Speaking of Newsom, the governor has mostly been laying low since an investigation last week found he vastly overstated California’s progress on fire prevention, giving just one press conference at which only two reporters asked him questions. Notably, on Thursday he did not unveil the final prizes — six Dream Vacation giveaways — in the state’s vaccine lottery; the Department of Public Health hosted the event instead. The governor, perhaps seeking to strike a more sober tone after a series of carnivalesque lottery drawings, instead launched a new mentorship program that aims to diversify California’s judiciary. The announcement came less than 45 minutes after Kounalakis set the recall election date. It also followed a series of reports from CalMatters’ Byrhonda Lyons that found white Californians make up nearly two-thirds of superior court judges but only one-third of the state’s population, while four majority-Latino counties don’t have a single Latino superior court judge.

  • Newsom: “This mentor program supports our efforts to identify the best and brightest judicial candidates from throughout the state, contributing to a stronger, more inclusive bench to better serve all Californians.”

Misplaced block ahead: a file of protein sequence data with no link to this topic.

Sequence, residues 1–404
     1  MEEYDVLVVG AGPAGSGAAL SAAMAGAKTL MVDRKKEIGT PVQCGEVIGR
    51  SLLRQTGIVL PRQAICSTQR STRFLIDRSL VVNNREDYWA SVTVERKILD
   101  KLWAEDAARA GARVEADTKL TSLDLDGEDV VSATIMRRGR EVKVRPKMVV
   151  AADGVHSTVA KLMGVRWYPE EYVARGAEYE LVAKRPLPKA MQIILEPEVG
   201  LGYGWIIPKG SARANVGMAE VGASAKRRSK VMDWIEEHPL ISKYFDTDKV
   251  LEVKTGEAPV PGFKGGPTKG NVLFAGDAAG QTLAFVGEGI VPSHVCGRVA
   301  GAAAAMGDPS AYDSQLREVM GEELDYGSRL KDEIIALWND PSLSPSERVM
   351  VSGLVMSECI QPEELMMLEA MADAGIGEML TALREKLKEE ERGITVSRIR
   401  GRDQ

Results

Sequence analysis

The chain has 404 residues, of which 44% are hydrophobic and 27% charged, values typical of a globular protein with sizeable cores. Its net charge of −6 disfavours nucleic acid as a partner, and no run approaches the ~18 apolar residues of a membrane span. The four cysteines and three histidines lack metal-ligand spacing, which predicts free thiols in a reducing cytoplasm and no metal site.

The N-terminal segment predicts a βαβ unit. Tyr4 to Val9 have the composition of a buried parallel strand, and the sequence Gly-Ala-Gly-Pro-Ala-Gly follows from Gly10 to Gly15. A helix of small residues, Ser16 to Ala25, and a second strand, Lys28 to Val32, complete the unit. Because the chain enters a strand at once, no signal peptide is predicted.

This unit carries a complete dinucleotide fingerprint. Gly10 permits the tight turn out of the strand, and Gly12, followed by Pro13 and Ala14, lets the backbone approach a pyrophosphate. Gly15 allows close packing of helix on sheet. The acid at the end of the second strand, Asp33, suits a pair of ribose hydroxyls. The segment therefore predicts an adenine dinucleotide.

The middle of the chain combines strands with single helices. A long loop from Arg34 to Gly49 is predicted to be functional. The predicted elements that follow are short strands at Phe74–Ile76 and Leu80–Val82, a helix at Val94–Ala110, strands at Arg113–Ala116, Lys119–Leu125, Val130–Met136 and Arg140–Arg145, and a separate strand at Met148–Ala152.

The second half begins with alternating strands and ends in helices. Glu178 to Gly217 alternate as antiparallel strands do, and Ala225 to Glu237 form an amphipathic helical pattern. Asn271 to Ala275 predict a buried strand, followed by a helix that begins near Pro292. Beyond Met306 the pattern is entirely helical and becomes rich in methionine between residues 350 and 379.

2. Gun sales, homicides surge

A manager at Big 5 Sporting Goods in El Cerrito points out a long gun from a display on September 9, 2019. Photo by Anne Wernikoff for CalMatters
A manager at Big 5 Sporting Goods in El Cerrito points out a long gun from a display on Sept. 9, 2019. Photo by Anne Wernikoff, CalMatters

Californians legally bought a record 686,435 handguns in 2020 — a nearly 66% increase from the year before — while annual long-gun sales reached their second-highest total with 480,401 legal purchases, according to data Attorney General Rob Bonta released Thursday. Though Bonta noted that a surge in gun sales doesn’t necessarily correspond to a rise in gun-related violence, the slew of reports he published Thursday show that homicides skyrocketed 31% from 2019 to 2020, resulting in California’s highest homicide rate since 2008. Nearly 75% of the 2,202 reported homicides last year involved the use of a gun. Meanwhile, domestic violence-related calls for assistance involving guns shot up 42% and violent crime increased 0.8%. And despite a new law intended to limit police use of force, the number of civilians killed by law enforcement rose to 172 in 2020, up from 147 the year before.

  • Bonta: “With more weapons, more economic stagnation, more desperation, I think those are all potential components and drivers of where we are today.”

Rising rates of homicide and violent crime will likely feed into ongoing concerns about public safety and could play a big role in next year’s attorney general election. Sacramento County District Attorney Anne Marie Schubert, who has a more traditional law-and-order approach, announced Thursday that she’s raised more than $1 million since announcing her AG bid two months ago. Campaign finance records show Bonta, who’s positioned himself as more of a progressive prosecutor, has raised $1.15 million for his reelection campaign.

3. Supreme Court axes another CA law

Image via iStock